|Stock prices started the month strongly thanks to good early results from COVID-19 vaccine trials, better-than-expected employment reports, and higher-than-anticipated manufacturing activity.|
In the US, despite multiple States reporting increased COVID infections, stocks continued to climb, especially in large technology. American indices are now back in positive territory for the current year.
These behemoth companies, which dominate the NASDAQ Index, are so large that they now have cash reserves rivaling central banks. Apple Inc. is now the first company in history to reach a $2 trillion valuation, meaning that the company is now worth more than the total valuations of all the component companies within the FTSE 100 Index.
The US election in November will obviously influence future investment performance. Currently, Biden has a clear lead in the polls, and whilst Biden is likely to raise taxes and be less friendly to big business than Trump, he could ease trade tensions with China.
However, despite Biden’s lead in the polls, it is still difficult to call the election and our view remains that the pandemic will be the key determinant of market direction. Given the surprise of the 2016 election, we cannot make any assumptions about Trump’s ability to be re-elected.
An ongoing debate seems to be how markets will react when a COVID-19 vaccine becomes available. Some businesses have been permanently damaged, whereas others may see a sharp recovery. The switch to online shopping is unlikely to reverse. The moves in oil price have been influenced by both supply and demand, but also a shift away from fossil fuel that will continue. Other areas, such as leisure and entertainment where fully capitalised, could do well.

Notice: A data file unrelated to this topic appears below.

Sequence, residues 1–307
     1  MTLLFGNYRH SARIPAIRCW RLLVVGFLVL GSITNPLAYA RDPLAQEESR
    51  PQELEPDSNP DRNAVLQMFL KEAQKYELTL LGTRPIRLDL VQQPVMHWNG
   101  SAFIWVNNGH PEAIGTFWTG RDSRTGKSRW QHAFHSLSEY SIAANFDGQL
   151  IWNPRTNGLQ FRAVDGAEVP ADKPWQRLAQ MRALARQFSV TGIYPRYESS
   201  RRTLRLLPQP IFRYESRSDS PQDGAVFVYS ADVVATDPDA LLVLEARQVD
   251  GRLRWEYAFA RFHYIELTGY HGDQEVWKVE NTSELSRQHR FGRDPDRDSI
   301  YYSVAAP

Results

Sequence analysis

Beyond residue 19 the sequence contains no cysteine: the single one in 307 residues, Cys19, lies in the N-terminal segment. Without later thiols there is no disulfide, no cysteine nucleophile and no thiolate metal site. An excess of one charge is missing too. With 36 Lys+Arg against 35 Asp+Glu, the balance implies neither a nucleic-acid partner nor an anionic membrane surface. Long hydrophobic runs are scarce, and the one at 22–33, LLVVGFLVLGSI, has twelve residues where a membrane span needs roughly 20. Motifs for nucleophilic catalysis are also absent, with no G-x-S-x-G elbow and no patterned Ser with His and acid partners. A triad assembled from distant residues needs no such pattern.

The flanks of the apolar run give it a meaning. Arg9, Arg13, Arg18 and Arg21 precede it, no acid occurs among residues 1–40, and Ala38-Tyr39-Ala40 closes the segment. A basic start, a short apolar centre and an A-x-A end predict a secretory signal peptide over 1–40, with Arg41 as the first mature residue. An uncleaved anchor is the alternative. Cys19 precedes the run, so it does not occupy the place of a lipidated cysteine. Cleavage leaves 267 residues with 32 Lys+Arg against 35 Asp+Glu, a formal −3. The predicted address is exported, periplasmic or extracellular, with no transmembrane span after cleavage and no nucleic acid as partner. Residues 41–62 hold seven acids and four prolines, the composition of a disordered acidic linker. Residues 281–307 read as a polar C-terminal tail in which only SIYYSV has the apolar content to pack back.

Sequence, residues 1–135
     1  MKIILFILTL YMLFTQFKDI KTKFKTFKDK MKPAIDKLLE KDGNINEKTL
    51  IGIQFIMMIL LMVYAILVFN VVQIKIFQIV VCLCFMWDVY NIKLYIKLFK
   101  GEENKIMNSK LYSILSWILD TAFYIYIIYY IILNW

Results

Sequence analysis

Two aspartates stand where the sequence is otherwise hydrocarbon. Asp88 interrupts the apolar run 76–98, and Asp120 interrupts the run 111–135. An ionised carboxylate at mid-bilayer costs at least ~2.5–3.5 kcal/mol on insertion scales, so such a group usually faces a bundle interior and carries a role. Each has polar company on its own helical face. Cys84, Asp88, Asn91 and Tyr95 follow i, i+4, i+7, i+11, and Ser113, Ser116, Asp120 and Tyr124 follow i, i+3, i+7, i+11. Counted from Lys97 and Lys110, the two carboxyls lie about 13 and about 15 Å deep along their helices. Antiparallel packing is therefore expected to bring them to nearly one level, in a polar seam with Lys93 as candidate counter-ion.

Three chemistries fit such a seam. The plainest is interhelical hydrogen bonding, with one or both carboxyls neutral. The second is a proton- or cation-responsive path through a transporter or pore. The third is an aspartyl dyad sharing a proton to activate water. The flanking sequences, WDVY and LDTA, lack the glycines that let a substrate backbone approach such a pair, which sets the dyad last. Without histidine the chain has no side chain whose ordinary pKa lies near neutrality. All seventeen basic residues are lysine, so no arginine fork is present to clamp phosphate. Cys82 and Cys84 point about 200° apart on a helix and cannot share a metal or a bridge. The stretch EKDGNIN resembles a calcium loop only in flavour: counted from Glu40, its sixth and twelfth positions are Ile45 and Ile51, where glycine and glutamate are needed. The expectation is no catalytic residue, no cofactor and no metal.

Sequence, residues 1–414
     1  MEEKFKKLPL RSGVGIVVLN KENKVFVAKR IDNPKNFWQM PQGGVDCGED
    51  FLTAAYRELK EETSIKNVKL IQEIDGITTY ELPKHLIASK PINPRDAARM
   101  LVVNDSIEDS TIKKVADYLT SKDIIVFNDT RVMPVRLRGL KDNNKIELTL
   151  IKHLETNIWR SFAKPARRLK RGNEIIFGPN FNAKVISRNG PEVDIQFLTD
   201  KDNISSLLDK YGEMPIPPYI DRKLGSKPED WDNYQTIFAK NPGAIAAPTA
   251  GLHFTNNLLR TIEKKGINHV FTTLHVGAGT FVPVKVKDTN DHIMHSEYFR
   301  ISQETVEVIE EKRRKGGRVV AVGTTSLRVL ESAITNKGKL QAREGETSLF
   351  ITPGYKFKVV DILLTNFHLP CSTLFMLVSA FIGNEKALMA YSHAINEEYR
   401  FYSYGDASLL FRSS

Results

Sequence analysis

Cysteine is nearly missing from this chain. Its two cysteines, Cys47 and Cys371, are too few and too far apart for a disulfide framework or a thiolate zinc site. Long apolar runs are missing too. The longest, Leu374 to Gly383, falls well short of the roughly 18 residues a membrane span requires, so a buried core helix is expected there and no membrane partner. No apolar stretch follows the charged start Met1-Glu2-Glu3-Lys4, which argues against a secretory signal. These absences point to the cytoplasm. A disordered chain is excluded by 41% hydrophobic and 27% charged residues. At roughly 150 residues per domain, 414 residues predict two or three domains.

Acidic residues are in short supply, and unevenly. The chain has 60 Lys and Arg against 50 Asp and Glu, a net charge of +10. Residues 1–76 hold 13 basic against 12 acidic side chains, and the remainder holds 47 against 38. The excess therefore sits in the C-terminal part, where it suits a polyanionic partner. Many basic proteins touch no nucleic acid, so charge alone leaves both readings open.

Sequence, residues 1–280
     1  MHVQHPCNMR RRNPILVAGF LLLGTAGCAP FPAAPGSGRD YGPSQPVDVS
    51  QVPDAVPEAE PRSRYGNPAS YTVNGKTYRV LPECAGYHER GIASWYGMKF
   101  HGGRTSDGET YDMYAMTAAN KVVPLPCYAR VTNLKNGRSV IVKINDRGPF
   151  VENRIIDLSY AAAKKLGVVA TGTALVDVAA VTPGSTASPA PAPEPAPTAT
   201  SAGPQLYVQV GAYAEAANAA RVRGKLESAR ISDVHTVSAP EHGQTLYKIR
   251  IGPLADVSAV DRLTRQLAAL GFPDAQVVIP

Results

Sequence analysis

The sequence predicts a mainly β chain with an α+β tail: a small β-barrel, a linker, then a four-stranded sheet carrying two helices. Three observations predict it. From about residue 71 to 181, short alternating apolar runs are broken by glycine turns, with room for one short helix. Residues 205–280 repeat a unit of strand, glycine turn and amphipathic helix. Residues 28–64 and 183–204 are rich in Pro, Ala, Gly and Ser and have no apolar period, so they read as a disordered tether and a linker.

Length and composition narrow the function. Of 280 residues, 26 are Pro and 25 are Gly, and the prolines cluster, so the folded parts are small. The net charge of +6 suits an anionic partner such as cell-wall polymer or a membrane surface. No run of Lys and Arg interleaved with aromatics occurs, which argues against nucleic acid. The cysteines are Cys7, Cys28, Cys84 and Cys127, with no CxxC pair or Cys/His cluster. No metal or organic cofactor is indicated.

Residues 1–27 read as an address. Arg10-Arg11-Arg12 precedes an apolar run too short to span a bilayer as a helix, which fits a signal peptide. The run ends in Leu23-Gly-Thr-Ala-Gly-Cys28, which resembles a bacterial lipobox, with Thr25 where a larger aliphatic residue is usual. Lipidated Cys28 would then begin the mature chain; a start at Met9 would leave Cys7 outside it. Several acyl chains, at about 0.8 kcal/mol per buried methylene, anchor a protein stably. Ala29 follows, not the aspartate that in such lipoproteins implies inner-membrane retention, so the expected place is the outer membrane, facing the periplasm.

The UK market has been a serial underperformer in recent years as Brexit remains at the back of our minds. Brexit trade negotiations continue without any sign of resolution as we head towards a no-deal exit.
The Bank of England’s revised outlook for the UK economy earlier this month showed they still expect a decline of 9.5%. However, as this figure was previously 14.5%, it has been revised down significantly thanks to better than expected economic results. Rishi Sunak’s Coronavirus Job Retention Scheme helped prevent a steep rise in unemployment but, as this unwinds, the UK will watch with trepidation as to how this affects the underlying unemployment rate.